New standard provides a solid base to aid growth of printed electronics

IPC/JPCA-4591 describes the conductive materials needed to build printed circuits. It’s the second IPC standard for this rapidly emerging field.

November 12, 2012

By Terry Costlow, IPC online editor

The concept of printing conductors onto a range of substrates has been around a long time, but it’s only now beginning to see burgeoning acceptance. IPC is accelerating this growth with standards that will make it easier to specify and build printed electronic circuitry.

IPC has now completed IPC/JPCA-4591, Requirements for Printed Electronics Functional Materials, the second in the series of operational level standards from the IPC Printed Electronics Initiative. It sets the criterion for a broad range of functional conductive materials that will be printed onto substrates.

The new document complements IPC/JPCA-4921, Requirements for Printed Electronics Base Materials, the substrate standard that was completed earlier this year. Together, they form the foundation for an industry that’s beginning to emerge rapidly.

“Cadillac, among other automotive innovators, is introducing printed electronics for a touch-sensitive center stack display and Boeing is using it for electrochromic windows in its 787,” said Marc Carter, IPC’s director of technology transfer. “There are also a number of medical products that take advantage of the low costs of printed electronics, which are cheap enough for single-use throw-away products. This gives you a sense of the broad possibilities this technology offers.”

Though a handful of companies have produced products without standards, Carter noted that the specifications will provide common specifications and definitions that form the infrastructure necessary for broadening the marketplace. “We’re still in the early stages of this market,” Carter said. “Standards will make it easier for companies to specify what they want and find companies that can build it.”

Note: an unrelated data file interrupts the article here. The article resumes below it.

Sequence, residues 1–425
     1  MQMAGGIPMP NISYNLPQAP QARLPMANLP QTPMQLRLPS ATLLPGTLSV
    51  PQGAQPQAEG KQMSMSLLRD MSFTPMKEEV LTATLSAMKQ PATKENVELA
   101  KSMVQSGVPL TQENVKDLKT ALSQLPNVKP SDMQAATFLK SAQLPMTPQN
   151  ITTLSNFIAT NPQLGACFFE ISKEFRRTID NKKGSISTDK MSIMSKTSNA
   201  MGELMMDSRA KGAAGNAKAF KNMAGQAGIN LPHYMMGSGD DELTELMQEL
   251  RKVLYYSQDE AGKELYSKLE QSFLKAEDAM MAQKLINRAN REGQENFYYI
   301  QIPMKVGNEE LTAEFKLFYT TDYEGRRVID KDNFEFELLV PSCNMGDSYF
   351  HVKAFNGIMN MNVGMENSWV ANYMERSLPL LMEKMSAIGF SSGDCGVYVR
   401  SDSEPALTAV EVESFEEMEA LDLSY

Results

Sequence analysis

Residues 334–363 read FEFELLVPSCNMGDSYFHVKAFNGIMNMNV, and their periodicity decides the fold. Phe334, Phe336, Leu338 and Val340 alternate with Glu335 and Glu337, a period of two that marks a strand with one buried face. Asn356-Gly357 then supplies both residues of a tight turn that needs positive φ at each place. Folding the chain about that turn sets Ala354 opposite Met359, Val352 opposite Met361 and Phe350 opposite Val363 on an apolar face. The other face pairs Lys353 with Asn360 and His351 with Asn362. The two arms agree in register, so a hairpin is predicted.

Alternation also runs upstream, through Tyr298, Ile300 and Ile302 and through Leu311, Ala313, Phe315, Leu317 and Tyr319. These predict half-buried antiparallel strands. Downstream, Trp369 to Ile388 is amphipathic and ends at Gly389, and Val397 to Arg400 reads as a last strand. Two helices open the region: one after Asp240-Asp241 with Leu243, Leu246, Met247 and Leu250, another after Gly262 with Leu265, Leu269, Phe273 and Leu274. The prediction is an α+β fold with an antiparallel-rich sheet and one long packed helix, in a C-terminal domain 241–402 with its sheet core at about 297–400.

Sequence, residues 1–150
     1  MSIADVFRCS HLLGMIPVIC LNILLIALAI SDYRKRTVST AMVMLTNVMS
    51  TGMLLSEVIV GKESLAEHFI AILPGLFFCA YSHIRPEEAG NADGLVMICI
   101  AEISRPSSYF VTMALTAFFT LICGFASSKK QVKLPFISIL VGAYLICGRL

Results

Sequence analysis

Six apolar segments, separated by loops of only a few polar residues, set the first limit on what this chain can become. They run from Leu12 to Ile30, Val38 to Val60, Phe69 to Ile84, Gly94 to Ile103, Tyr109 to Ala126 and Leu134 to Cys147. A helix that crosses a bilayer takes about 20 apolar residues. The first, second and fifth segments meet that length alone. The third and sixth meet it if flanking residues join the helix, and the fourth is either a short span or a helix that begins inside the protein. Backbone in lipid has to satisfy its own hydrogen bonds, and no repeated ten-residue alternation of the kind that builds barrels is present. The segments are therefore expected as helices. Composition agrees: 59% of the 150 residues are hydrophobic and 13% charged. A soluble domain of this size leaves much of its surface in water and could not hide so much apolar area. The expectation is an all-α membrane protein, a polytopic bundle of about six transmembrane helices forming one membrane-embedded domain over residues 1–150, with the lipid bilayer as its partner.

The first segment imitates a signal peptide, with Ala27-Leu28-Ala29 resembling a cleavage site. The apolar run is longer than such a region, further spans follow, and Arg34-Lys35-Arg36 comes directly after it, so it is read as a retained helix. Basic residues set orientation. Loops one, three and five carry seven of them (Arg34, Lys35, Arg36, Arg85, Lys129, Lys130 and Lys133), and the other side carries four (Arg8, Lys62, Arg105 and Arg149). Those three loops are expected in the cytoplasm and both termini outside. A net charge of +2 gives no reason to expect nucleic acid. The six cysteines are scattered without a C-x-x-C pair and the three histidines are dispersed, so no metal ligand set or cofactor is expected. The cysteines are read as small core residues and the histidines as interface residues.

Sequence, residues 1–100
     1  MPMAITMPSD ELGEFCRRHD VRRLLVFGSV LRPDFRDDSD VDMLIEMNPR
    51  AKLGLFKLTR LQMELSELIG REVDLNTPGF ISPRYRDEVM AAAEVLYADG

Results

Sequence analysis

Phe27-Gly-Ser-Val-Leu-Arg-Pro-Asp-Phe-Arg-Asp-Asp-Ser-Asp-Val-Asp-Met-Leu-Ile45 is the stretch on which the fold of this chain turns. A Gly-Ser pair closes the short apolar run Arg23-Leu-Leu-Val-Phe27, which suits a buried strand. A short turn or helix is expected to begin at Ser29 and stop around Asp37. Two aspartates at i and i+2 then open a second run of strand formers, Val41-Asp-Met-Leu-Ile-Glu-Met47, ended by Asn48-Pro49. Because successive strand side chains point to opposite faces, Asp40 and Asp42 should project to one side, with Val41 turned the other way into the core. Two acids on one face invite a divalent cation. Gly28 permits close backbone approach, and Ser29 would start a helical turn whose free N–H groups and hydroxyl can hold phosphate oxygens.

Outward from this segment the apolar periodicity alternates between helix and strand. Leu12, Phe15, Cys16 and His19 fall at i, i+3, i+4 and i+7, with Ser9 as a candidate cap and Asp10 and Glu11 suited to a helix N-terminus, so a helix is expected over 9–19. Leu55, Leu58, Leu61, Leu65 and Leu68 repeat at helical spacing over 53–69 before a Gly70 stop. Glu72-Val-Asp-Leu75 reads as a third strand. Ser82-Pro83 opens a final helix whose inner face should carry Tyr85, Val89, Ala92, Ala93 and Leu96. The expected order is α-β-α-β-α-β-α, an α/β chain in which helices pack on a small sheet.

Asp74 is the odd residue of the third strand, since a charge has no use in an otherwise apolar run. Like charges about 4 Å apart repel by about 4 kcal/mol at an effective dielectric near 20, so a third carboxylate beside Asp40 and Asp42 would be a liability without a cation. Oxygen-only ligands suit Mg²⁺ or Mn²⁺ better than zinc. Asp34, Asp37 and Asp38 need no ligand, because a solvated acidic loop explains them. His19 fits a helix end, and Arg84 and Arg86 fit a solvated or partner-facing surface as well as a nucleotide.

The additive processes make it possible for printers to begin producing electronic circuits that will have the low costs associated with paper products. The conductive inks can be printed onto a range of substrates that no longer need to be flat. The ability to print on curved surfaces makes it possible to put thin displays and controls on vehicle dashboards, subway pillars or other unusual areas.

“Another aspect of printed electronics that catches the imagination is that it combines the expanding science of nanomaterials in novel ways to create new applications not easily achieved by more traditional mean.,” Carter said.

Printed electronics provides many benefits beyond low costs and the ability to print on many different substrates that can have odd shapes. Additive processes often have fewer steps, simplifying manufacturing, and they eliminate the need for harsh etches and other materials used in subtractive processes. That can reduce environmental concerns and eliminate time spent on regulatory documentation.

Many of the first generation materials in printed electronics are based on silver. IPC/JPCA-4591 goes further, and can accommodate standards for both the established material sets and reduced-cost/high-speed processing materials just entering the market place. In addition, it describes the properties of both conductive and semi-conductive materials in transparent and opaque applications. IPC’s Printed Electronics Initiative is developing a number of documents for this emerging industry. Quantifying the growth potential is difficult because the lack of standards is one cause for widespread fragmentation, as various groups use different definitions for printed products.

Many market research groups are predicting dramatic growth for this field, though their projections vary by huge amounts depending on their focus markets as well as the definitions used for these products.

IPC’s documents will help create common definitions and requirements that will foster this growth. Additional standards will address performance requirements and design issues. The trade association is also developing a road map that will help identify needs and strengths of this emerging field.

IPC members may request one free single-user download or hard copy of IPC/JPCA-4591, Requirements for Printed Electronics Functional Conductive Materials, by e-mailing within 90 days of the document’s publication. After that date, IPC members may purchase the standard for $36. The industry price is $72. For more information or to purchase a copy of IPC/JPCA-4591, visit IPC/JPCA-4591.